How involved were you in the making of the musical version of Coraline?
I let them do their thing, partly because I think Stephin is a genius and what he would do was bound to be interesting and unique. I thought it was absolutely brave, smart theater, they made interesting choices that people wouldn’t normally make — beginning with casting a 50-year-old actress as a 9-year-old girl.
Why are you drawn to such scary topics?
I think it’s a good thing to create stories that have some kind of cost, some kind of price to them. In the case of Coraline, I began the story for my daughter, who would come home and climb on my lap and dictate nightmarish stories to me about little girls coming up against evil witches. I thought, well, I’ll write her something like that, and then discovered that there wasn’t something like that out there — terrifying stories for kids.
You wrote the screenplay for Beowulf and have had your books adapted into feature films. What are your feelings about working in Hollywood?
The enormous amount of money that it costs to make a movie makes people bet on the side of making stuff kind of bland. You’re much better off making something that you like and seeing if there are other people out there who like it too. That’s really how my career has always worked. I just do the stuff that I like, and I hope there are other people out there who like the same thing.
What’s your latest pop culture obsession?
The English Doctor Who science fiction series — when it’s at its best it’s some of the best television out there. Also I’ve just discovered 30 Rock, way after the rest of the universe did [laughs]. So my daughter and I have ordered the whole thing on DVD, and are catching up from the beginning.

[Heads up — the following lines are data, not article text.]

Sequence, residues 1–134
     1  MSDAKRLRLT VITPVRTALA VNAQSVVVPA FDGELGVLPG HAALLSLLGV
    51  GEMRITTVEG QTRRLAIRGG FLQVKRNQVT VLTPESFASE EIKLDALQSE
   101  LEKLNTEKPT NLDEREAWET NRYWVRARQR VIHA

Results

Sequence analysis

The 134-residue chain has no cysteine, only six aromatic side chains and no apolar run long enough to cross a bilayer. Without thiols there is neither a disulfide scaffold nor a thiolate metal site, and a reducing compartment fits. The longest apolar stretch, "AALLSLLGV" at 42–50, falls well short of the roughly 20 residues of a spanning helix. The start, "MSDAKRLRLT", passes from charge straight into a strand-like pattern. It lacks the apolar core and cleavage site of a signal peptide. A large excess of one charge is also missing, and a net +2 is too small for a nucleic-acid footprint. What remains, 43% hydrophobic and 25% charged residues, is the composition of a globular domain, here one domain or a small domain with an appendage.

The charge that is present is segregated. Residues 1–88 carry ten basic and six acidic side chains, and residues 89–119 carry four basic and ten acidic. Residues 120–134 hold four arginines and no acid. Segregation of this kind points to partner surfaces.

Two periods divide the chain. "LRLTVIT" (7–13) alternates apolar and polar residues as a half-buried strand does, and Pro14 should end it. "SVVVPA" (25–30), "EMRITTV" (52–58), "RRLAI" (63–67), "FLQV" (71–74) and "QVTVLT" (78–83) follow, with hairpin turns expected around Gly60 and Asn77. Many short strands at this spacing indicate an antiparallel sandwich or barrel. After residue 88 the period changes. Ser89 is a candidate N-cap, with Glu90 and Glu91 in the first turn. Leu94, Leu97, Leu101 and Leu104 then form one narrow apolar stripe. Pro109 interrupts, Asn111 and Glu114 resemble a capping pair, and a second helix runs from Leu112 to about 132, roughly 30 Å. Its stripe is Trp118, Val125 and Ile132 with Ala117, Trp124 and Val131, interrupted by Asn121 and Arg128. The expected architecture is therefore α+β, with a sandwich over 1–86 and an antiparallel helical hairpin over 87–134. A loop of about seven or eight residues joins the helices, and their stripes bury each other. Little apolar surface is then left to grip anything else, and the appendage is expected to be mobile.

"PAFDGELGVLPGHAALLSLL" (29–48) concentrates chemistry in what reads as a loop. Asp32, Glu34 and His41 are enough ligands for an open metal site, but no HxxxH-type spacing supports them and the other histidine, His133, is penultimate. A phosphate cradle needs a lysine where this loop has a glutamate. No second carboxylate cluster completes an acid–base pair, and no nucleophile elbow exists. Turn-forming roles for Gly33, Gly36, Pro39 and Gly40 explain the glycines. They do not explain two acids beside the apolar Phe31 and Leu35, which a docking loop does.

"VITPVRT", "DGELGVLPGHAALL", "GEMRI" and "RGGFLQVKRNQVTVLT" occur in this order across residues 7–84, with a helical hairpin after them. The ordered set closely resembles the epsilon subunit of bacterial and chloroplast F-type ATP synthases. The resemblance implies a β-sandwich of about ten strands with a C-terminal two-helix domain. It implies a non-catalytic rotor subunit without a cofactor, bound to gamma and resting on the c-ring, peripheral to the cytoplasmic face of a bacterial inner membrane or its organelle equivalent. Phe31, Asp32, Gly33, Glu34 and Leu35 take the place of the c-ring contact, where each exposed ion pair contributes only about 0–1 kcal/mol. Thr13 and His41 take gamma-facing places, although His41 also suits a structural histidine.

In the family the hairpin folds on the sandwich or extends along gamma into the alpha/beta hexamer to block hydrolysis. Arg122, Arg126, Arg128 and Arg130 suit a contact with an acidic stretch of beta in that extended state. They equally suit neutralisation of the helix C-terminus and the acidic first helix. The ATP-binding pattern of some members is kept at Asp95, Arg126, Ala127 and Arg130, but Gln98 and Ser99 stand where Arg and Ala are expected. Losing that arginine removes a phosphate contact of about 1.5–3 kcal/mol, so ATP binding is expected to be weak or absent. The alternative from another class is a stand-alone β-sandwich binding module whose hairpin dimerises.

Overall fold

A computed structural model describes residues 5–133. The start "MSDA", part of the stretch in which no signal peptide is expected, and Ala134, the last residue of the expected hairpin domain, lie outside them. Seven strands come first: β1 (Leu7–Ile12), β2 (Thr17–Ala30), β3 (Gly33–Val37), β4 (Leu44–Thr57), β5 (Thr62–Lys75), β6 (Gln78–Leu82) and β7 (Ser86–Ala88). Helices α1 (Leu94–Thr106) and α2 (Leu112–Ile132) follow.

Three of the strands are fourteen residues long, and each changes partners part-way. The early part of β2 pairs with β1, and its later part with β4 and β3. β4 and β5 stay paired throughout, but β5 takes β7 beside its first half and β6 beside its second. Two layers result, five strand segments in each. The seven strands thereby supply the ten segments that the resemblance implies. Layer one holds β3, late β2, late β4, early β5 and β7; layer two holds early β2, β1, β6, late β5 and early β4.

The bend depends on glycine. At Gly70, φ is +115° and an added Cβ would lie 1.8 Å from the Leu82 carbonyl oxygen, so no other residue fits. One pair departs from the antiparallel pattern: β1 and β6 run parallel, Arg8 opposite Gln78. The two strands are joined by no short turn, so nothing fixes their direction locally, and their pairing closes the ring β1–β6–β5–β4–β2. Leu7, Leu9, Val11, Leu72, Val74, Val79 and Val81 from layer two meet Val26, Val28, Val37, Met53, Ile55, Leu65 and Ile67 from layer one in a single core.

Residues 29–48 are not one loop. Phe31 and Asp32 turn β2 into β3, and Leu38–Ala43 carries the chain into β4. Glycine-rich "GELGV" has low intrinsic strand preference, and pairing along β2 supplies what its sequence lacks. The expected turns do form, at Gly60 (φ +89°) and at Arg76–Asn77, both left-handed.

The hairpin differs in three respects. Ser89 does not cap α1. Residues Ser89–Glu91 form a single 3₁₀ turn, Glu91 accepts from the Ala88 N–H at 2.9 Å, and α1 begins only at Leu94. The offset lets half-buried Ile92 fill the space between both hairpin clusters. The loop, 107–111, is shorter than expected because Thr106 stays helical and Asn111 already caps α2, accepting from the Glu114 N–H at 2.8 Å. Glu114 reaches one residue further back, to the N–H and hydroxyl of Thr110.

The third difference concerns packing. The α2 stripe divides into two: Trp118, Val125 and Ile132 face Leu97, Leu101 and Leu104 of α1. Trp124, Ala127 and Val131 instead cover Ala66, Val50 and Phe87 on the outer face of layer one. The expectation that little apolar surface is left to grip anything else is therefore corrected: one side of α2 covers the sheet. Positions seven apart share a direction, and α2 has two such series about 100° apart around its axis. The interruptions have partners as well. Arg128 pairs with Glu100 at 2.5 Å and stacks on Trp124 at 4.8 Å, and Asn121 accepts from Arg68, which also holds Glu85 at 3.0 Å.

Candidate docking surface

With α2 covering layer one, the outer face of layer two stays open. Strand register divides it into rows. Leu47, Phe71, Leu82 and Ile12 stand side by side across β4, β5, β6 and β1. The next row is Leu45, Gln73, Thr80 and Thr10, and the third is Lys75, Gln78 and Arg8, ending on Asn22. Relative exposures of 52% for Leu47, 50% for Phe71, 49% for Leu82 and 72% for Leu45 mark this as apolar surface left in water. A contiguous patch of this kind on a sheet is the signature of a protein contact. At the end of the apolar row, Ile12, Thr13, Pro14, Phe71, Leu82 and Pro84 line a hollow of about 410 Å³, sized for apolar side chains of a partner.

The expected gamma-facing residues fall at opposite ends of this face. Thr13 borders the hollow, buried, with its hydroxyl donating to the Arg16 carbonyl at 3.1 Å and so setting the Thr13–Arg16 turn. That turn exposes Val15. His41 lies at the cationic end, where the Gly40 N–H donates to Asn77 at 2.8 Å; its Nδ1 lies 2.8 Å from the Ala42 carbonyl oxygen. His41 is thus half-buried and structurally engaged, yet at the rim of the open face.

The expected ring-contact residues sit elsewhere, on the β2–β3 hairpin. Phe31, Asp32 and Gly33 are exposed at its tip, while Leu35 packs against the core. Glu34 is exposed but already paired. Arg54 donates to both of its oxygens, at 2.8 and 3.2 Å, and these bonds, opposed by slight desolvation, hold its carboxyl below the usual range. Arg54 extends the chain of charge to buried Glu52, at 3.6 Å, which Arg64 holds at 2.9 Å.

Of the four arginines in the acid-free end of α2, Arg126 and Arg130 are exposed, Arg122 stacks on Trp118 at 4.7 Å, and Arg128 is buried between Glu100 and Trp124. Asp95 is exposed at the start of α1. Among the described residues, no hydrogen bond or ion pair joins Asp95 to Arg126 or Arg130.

The two of you recently collaborated on a book, Who Killed Amanda Palmer. Are you doing anything else together?
I nearly said nothing we can discuss in public — but actually, yes. I was asked to make an eight-minute silent film for a series of silent movies being done in the UK right now. I realized that one of the things I love about Amanda is that although she’s most famous for making her music, before that she was a living statue, and is absolutely one of the most amazing pantomime artists I’ve ever encountered, in terms of what she can do with her face and her expression. So I’m putting her in a movie. I’ll write and direct it.
Who is behind the project?
I don’t actually know that I can say who’s doing it — but it’s a big, real entity.
You grew up in England, but now you live in Minneapolis. How did you end up living there?
My ex-wife had family from this part of the world. And basically, I discovered I could get a huge Addams family-like mansion with 17 acres for the same cost as a one-bedroom flat in London — and not a nice one-bedroom flat in London — that it seemed like a very, very good idea.